I’m in graduate school at Kyoto University, getting a degree in education. Aside from that, I’m working on a project in a local community in Japan called Obuse (小布施). The main aim of the program is to try and revitalize the community of Obuse through involving Japanese youth, creating activities to rekindle the economy, and work together with the city administration and guests from other prefecture. We focus on different themes, and I’m in charge of the theme of sports. One of the examples of how we can use sports to revitalize the local community is by using it to draw people from outside to visit Obuse in order to play a certain sports. For example, we proposed using the sport slackline, which is a unique and different type of sports that has the potential to draw visitors to visit Obuse in order to play slackline. It’s a creative strategy that’s been used in communities in other countries such as France.
[Below is a video about slackline in case you haven't seen it before!]
Well, I had 2 reasons. I had an interest in social innovation. I wanted to learn about established and advanced examples in the field, but even though Japan has her own examples (of social innovation), I felt that we need more progressive ideas from other perspectives and cultures if we wanted to progress further. My second reason is kind of simple. I wanted to study in or visit the U.S. or other countries, and would like to feel the culture and other people.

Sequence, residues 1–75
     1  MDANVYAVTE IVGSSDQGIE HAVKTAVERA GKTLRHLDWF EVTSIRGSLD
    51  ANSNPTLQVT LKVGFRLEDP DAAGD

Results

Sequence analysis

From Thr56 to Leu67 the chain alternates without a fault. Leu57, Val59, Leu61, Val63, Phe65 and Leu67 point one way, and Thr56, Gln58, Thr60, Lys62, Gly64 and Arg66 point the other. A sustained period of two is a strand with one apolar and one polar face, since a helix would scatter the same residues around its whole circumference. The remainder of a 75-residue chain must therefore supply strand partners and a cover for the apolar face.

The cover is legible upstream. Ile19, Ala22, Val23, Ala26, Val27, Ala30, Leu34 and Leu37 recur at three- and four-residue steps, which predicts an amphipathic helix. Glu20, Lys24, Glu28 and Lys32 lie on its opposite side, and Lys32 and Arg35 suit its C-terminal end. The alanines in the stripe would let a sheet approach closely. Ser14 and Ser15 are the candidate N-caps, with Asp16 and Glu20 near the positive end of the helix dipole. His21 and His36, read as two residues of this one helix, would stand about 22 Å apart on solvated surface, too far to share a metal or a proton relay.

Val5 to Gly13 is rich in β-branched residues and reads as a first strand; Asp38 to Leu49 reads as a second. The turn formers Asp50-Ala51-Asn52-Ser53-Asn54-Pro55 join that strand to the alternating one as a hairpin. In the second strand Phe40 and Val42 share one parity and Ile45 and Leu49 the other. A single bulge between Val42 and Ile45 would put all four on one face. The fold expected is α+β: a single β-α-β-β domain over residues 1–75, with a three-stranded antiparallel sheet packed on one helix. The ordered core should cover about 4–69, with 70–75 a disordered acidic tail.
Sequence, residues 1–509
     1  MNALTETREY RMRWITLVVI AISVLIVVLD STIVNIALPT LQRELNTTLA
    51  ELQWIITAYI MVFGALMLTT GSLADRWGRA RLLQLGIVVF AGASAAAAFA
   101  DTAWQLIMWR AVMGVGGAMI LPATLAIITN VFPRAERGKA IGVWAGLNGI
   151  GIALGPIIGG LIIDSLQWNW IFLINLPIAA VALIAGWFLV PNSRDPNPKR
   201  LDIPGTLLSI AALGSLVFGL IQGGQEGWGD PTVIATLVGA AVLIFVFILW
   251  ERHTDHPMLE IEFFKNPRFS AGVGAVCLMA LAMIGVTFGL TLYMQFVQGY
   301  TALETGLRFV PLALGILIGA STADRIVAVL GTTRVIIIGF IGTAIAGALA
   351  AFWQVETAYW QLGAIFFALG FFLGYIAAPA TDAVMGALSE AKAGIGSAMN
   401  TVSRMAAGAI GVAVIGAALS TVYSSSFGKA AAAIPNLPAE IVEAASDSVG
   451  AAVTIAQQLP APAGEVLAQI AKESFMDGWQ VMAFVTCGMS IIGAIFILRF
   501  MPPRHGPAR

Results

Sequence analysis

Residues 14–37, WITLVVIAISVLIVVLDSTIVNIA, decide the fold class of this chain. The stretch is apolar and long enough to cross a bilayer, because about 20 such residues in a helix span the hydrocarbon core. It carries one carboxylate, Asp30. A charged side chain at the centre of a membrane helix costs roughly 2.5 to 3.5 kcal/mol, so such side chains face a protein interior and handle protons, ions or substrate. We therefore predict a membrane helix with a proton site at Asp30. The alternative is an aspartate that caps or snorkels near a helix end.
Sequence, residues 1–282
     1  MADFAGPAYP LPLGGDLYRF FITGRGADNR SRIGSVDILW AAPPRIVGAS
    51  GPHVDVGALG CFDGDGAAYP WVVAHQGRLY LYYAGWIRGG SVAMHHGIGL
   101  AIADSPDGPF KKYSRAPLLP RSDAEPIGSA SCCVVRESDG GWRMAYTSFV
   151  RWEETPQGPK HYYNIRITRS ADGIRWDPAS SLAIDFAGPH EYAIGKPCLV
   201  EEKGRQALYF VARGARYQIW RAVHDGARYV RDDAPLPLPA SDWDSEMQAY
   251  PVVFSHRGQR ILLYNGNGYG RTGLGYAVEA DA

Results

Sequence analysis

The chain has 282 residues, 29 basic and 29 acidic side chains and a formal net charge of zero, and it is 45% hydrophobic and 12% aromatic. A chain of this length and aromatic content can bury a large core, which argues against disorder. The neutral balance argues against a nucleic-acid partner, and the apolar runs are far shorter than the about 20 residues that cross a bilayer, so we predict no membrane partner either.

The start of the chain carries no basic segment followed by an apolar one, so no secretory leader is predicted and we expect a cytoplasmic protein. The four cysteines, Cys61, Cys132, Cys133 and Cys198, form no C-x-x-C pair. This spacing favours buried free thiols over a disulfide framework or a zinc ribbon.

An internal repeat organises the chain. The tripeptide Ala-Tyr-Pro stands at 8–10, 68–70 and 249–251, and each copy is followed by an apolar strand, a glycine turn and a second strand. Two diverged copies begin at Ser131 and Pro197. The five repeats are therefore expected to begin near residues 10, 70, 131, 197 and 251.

Well, you got to visit San Francisco! So what about ESI did you enjoy the most?
That’s a difficult question because it's very difficult to decide the best! But if I had to choose, I remember visiting the Delancey Street Foundation (DSF) the most. What made me most attracted and impressed was not just the idea of DSF itself, but also its idea of continuity (sustainability). For a program to carry on for a long time with the same idea (concept), it was very impressive for me. [In social entrepreneurship] it's difficult to continue for so long, yet DSF has been around for decades, and the way they connect with the next generation was really interesting. [During our time there], we participants could learn through dialogues and sessions set up by them, allowing us to make new ideas via communication and experience.
If there was one thing that you could take away from the program that was meaningful to you, what was it?
The way ESI was facilitated was really good, and it served as a role model [for workshops and programs] for me, so that's one take away! Also, before participating, I knew the concept of design thinking, but did not understand what it really was, but I'm sure that my understanding of design thinking was deepened during ESI. For example, by taking part in the workshop at the d.school (in Stanford), I could understand design thinking better, and I could think about it relatively. DT is one way/method to generate ideas, "depending on the context". In Japan, many people think that design thinking is a new, trendy and best way to solve all problems, but through ESI, I learned more than that. I realized the importance of using different approaches to problem-solving, and that context is also very important, so we need to formulate different methods when approaching a problem.
That is really a good point! Okay, lastly, if you had to tell new participants of ESI something, what would you tell them?
Hmm… Don't be hesitant, don't be shy. Once you're in US, you have the opportunity to change yourself, so that's why I said "don't be shy!" With a new country and new people, most of them don't know how or who you are, so remember that that's a very good opportunity to behave differently from how you are in Japan and challenge yourself!
 Delancey Street Foundation is an organization dedicated to helping ex-convicts, the homeless, and substance abusers rehabilitate and find a new lease on life. The DSF is a leading organization on residential self-help against recidivism and is one of the many site visits included in the ESI program. Find out more about DSF here: http://www.delanceystreetfoundation.org/